In today's knowledge based society, having a sound knowledge base and a scientific temperament is important. I, therefore, urge children to study well, gain knowledge, discover the wonders of the world and acquire the skills and capacities to be good scientists, researchers, inventors and innovators. Also, at the same time, it is important that children follow the traditional Indian values of truth, tolerance, respect for elders and welfare of fellow human beings so as to preserve the rich heritage of our country.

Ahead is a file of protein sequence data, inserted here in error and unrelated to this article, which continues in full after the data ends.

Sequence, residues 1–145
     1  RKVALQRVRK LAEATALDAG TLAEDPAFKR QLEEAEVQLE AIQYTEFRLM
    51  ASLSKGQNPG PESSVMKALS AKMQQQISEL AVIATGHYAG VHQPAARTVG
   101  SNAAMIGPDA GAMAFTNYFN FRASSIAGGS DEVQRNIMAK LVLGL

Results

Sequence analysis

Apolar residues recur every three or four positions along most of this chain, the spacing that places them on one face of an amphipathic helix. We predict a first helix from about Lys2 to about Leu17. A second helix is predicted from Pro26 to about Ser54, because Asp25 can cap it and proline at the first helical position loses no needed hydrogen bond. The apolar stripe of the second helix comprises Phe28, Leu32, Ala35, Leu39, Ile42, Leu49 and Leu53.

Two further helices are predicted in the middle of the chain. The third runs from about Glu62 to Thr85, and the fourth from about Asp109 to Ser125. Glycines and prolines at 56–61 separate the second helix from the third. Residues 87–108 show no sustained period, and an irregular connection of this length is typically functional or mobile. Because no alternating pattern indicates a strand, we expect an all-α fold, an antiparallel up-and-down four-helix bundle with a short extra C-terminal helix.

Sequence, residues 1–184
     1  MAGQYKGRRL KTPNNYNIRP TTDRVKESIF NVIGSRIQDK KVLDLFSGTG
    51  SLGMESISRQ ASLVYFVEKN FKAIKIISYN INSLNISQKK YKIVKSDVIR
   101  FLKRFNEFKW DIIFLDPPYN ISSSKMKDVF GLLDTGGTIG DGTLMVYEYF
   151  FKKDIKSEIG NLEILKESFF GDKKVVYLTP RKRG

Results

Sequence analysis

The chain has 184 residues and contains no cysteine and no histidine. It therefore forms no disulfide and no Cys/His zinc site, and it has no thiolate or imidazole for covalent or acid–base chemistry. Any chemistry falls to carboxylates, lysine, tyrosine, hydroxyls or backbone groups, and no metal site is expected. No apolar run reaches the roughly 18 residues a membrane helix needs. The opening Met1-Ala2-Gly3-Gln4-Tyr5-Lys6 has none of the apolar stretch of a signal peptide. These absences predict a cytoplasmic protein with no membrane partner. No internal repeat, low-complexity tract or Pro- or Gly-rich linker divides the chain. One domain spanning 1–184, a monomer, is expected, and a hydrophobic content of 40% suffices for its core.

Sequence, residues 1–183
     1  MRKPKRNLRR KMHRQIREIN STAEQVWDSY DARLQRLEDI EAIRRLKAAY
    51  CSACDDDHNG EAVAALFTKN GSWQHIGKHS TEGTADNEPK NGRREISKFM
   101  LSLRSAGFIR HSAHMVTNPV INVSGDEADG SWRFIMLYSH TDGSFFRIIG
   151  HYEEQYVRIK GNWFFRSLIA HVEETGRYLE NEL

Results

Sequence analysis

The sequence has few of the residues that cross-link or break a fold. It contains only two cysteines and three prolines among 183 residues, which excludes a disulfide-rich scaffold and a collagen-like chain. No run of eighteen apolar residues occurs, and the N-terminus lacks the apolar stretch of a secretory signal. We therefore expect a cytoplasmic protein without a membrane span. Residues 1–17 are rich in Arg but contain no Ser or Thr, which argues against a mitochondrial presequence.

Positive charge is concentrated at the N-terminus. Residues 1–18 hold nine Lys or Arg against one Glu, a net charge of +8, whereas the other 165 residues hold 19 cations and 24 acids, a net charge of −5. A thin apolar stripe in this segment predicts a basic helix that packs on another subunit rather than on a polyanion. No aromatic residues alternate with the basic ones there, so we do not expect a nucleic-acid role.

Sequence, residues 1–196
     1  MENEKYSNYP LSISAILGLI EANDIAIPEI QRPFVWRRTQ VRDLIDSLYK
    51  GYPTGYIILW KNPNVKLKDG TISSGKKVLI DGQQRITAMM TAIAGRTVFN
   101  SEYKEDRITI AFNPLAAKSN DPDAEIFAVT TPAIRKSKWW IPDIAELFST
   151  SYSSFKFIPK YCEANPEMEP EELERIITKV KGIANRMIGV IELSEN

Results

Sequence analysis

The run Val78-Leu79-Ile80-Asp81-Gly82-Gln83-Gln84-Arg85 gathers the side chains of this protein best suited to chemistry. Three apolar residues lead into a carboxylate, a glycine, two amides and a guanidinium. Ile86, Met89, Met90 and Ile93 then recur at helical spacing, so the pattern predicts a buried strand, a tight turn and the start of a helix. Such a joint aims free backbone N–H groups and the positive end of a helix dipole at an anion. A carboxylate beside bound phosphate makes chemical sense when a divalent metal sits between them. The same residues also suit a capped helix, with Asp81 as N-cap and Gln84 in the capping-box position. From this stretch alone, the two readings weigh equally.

Before I conclude, I would like to thank the Government of Puducherry and the National Council of Educational Research and Training for organizing the exhibition.

With these words, I have great pleasure in declaring the 34th Jawaharlal Nehru National Science Exhibition for Children open.

Thank you.


Disclaimer: Website designed by National Informatics Centre. Contents Provided By President’s Secretariat.